The recipes

  1. Abrikozenvlaai

    Flag of Netherlands

    This traditional pie from the Netherlands combines delicious brioche-like dough with a fruity filling of apricots. Be as generous as the people of Limburg, where this delicacy originated, by dividing this wagon wheel sized pastry into giant slices.
    Photo: Oof Verschuren

    Abrikozenvlaai
  2. Agashé

    Flag of Sudan

    Sudan's agashé is a must-try for every kebab or suya lover: skewers of meat are coated in spicy peanut powder and cooked on a barbecue. Omer Eltigani: "Traditionally, you'd fire up some coals and arrange the coals in a circle on a bed of sand. You then start placing the skewers facing upwards but slightly tilted towards the coals to cook them. It's a showpiece."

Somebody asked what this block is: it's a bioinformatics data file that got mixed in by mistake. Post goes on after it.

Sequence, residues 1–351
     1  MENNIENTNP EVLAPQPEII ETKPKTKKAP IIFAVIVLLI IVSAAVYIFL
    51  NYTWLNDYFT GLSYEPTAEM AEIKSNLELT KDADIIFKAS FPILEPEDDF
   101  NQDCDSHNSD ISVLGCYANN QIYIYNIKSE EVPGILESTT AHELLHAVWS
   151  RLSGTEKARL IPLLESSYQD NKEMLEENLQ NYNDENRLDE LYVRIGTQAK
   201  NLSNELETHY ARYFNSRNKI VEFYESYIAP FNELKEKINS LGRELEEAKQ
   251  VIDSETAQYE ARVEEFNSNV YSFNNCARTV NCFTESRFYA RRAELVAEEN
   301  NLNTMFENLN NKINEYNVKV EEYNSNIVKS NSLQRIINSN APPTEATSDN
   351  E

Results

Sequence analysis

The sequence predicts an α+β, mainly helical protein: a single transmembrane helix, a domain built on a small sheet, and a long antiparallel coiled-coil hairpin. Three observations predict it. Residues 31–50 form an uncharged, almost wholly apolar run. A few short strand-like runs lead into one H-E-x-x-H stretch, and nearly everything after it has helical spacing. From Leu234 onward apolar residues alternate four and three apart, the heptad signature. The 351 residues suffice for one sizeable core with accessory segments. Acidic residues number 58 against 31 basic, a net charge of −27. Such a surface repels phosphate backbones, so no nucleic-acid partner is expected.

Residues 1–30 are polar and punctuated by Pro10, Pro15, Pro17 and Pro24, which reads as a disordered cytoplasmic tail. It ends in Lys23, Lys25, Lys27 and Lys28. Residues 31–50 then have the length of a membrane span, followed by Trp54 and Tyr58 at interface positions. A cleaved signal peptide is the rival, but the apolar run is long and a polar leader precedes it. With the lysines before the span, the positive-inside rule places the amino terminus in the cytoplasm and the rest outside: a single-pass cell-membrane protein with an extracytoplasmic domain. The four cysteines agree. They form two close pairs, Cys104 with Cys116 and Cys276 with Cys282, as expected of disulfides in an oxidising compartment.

Agashé
  3. Bastilla

    Flag of Morocco

    Meat, scrambled egg and almonds are combined with spices and baked inside crisp pastry to make bastilla, a Moroccan pie that walks the line between sweet and savoury thanks to its topping of cinnamon and icing sugar.
    Photo: Javier Peñas

    Bastilla
  4. Buss up shut

    Flag of Trinidad and Tobago

    Named for its crinkled, torn appearance, buss up shut is a classic Trinbago dish of shredded paratha. Eaten as an accompaniment to curries and other dishes, it’s soft, flaky and filling.

    Buss up shut
  5. Ceviche

    Flag of Peru

    Ceviche is perhaps Peru’s most famous culinary export. Raw fish is sliced and served in a dressing made with citrus juice, chilli, herbs and often other seasonings, known as ‘tiger’s milk.’ There are many different variations on the dish according to the species of fish and regional ingredients available.

    Ceviche
  6. Ceviche Jipijapa

    Flag of Ecuador

    The freshest fish you can find, a few lemons, a red onion, a handful of coriander and some peanuts. You don't need much to make this incredibly fresh appetiser: ceviche jipijapa from Ecuador.

    Ceviche Jipijapa
  7. Chicken musakhan

    Flag of Palestine